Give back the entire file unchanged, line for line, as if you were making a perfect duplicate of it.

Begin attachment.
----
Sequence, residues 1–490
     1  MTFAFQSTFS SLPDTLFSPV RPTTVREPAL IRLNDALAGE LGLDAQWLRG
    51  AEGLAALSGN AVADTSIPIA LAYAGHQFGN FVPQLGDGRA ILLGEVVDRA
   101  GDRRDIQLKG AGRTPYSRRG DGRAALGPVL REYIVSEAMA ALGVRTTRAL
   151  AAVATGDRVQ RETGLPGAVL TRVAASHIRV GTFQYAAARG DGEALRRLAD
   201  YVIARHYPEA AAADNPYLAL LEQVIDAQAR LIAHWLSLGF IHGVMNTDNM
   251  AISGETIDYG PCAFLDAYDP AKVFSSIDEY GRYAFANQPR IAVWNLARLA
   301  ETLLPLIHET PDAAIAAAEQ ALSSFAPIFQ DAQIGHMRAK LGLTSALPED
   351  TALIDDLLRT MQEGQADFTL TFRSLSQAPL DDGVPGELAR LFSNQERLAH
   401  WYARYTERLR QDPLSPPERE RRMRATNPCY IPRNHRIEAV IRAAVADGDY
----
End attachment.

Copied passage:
Sequence, residues 1–490
     1  MTFAFQSTFS SLPDTLFSPV RPTTVREPAL IRLNDALAGE LGLDAQWLRG
    51  AEGLAALSGN AVADTSIPIA LAYAGHQFGN FVPQLGDGRA ILLGEVVDRA
   101  GDRRDIQLKG AGRTPYSRRG DGRAALGPVL REYIVSEAMA ALGVRTTRAL
   151  AAVATGDRVQ RETGLPGAVL TRVAASHIRV GTFQYAAARG DGEALRRLAD
   201  YVIARHYPEA AAADNPYLAL LEQVIDAQAR LIAHWLSLGF IHGVMNTDNM
   251  AISGETIDYG PCAFLDAYDP AKVFSSIDEY GRYAFANQPR IAVWNLARLA
   301  ETLLPLIHET PDAAIAAAEQ ALSSFAPIFQ DAQIGHMRAK LGLTSALPED
   351  TALIDDLLRT MQEGQADFTL TFRSLSQAPL DDGVPGELAR LFSNQERLAH
   401  WYARYTERLR QDPLSPPERE RRMRATNPCY IPRNHRIEAV IRAAVADGDY